Linda E. Joy is a writer for The Arts Magazine. The site provides readers with the latest insights and write-ups on all things and family oriented, and much more.

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Songs of Summer-part One

Songs of Summer-part One

Article by Robert Benson

As summer winds down, let’s explore a two-part article series about songs with ‘Summer’ or ‘Summertime’ in the title:

Let’s start with the quintessential summer song by the Lovin’ Spoonful, the 1966 #1 hit called “Summer In The City.” The cut was originally a poem that was written by Lovin’ Spoonful’s band leader John Sebastian’s brother, Mark. John worked with the poem a bit and added a grittier beginning, one with more tension. Band member, bassist Steve Boone had a piece of music that was written for the piano that hadn’t fit into any other song that the group was doing at the time, but it fit perfectly with the new song.

“We hired an old man, obviously from the radio era, and he had old acetates of traffic jams and car horns,” recalls John Sebastain. “We listened for hours to various traffic jams and car horns and selected the ones we wanted. We found a pneumatic hammer…to provide the payoff for that selection and put it all together.”

In 1964, John Sebastian was excited by the Beatles and their music and was inspired to put his own four-man band together. While he was traveling through the south, he met folk artist Mississippi John Hurt. One of Hurt’s songs included the line, “I love my baby by the lovin’ spoonful” and the name of the group was set. The band went on to score many other Top Ten Billboard hits including: “Do You Believe In Magic” (#9 in 1965), “You Didn’t Have to Be So Nice” (#10 in 1965), “Daydream” (#2 in 1966), “Rain On The Roof” (# 10 in 1966) and “Nashville Cats,” which peaked at #8 in 1966.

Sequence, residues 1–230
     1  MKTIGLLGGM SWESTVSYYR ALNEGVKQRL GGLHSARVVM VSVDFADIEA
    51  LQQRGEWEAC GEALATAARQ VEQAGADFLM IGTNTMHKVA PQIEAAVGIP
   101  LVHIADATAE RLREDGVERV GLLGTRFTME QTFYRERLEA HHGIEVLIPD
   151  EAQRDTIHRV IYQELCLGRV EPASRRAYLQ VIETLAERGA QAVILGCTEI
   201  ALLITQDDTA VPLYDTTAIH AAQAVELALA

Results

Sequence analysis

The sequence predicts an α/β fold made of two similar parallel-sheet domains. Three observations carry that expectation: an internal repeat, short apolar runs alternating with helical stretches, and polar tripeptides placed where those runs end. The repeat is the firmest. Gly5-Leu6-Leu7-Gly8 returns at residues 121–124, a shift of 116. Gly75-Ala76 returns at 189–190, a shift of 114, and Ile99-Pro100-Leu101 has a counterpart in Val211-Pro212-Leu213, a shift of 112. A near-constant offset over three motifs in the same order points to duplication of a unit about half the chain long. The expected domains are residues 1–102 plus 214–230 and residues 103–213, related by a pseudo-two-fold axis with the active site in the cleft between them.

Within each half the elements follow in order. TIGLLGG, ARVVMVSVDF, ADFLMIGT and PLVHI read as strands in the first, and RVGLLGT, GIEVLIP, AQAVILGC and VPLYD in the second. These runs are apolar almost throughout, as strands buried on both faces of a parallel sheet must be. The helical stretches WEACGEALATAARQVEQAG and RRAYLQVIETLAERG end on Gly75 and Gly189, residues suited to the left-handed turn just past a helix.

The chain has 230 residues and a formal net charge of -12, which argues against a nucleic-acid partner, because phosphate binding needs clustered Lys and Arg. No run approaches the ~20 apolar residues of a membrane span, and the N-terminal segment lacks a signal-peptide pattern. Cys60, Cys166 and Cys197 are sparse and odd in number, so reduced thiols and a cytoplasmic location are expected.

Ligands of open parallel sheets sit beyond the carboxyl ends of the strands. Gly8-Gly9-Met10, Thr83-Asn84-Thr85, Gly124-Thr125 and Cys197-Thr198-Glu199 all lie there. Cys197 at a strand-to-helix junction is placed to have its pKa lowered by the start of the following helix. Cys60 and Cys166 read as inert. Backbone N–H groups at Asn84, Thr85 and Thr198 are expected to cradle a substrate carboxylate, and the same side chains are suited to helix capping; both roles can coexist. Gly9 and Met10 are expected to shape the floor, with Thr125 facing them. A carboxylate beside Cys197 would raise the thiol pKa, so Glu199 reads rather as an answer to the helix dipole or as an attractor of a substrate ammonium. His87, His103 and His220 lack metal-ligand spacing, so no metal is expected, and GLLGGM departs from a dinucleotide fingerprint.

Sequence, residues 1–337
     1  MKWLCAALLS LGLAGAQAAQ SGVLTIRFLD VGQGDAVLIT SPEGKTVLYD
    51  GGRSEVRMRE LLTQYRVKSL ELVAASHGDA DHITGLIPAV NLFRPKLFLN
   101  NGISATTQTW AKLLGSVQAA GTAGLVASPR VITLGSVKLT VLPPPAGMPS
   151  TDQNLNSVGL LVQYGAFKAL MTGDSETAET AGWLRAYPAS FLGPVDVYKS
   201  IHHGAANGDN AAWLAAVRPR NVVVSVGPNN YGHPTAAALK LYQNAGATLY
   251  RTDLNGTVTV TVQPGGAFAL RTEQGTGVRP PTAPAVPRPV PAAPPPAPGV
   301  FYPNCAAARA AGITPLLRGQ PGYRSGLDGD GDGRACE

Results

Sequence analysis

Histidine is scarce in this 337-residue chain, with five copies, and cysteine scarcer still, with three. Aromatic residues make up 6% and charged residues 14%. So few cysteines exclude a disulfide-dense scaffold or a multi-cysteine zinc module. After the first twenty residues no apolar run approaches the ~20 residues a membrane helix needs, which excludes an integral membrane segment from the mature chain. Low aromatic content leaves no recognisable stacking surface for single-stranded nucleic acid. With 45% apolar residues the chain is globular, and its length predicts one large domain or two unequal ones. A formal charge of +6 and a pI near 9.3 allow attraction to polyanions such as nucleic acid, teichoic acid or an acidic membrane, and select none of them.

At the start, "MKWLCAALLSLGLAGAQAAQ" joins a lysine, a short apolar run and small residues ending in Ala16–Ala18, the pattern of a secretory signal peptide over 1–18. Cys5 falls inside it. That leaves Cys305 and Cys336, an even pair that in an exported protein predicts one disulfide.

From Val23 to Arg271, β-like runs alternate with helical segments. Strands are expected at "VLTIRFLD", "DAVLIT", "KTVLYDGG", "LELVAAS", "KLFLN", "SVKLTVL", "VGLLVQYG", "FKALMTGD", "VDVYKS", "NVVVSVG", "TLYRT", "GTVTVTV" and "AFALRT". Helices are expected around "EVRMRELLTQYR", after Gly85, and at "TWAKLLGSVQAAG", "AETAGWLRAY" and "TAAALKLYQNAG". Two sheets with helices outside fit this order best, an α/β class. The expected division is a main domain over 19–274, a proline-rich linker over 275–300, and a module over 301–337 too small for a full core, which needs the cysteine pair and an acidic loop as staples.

One of the world’s most recognizable ‘summer’ songs is a 1970′s cut called “In The Summertime,” by the British pop-blues outfit Mungo Jerry. The band name was derived from a character from T.S. Eliot’s Old Possum’s Book of Practical Cats (which was later adapted and made into the musical Cats by Andrew Lloyd Webber). It was the group’s first hit single, reaching #3 on the US Billboard charts and the song reached the top position on the charts in several other countries; including an astonishing seven-week stay atop the British charts. The record sold over 16 million copies worldwide and was Britain’s biggest-selling single in 1970.

Interestingly, the UK release (Dawn records) was a maxi-single which played at 33rpm instead of the usual 45rpm. The record also included another song on the A side (“Mighty Man) and a much longer track on the B side (“Dust Pneumonia Blues”). It also came with a great picture sleeve and sold for just a little bit more than a regular 45 rpm, making it an excellent value for the music consumer at the time.